Insecticide resistance in the stable fly, Stomoxys calcitrans (L.) (Diptera: Muscidae), has been demonstrated previously, but mostly with insecticides that are no longer used, such as the organochlorines. Resistance to commonly used pyrethroids has been evaluated twice, but only in the midwestern United States. Stable fly susceptibility to a commonly used pyrethroid, permethrin, was determined in Florida to assess the possibility of resistance development. Diagnostic concentration evaluations of three stable fly field strains demonstrated a maximum of 57 and 21% survival to permethrin residues of 3× and 10× the LC99 of a susceptible strain, respectively. Stable flies from an equine facility with no reported insecticide use demonstrated ≈20% survival with a 3× diagnostic concentration. Despite a distance of 91-km between field collection sites, survival profiles of field-collected stable fly strains were similar. Although an established stable fly colony collected from a local dairy previously expressed low level resistance to permethrin residues, five generations of laboratory permethrin selection increased resistance 15-fold.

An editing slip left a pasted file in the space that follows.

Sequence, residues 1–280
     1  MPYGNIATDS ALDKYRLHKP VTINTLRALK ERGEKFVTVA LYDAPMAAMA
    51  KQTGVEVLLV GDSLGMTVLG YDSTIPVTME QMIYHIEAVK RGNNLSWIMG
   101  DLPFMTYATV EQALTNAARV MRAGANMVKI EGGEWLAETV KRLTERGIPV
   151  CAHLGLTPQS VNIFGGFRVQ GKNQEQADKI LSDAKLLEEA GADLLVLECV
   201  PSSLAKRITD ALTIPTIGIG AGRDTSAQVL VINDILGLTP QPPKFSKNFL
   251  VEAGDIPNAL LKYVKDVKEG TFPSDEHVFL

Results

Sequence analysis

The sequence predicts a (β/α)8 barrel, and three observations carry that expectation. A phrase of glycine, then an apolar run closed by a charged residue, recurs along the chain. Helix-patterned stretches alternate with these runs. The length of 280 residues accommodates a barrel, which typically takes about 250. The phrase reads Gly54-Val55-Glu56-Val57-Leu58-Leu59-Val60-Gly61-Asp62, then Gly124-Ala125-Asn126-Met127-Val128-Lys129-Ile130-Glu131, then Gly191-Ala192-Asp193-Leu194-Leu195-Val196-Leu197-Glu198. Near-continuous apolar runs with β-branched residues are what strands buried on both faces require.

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Vol. 103 • No. 6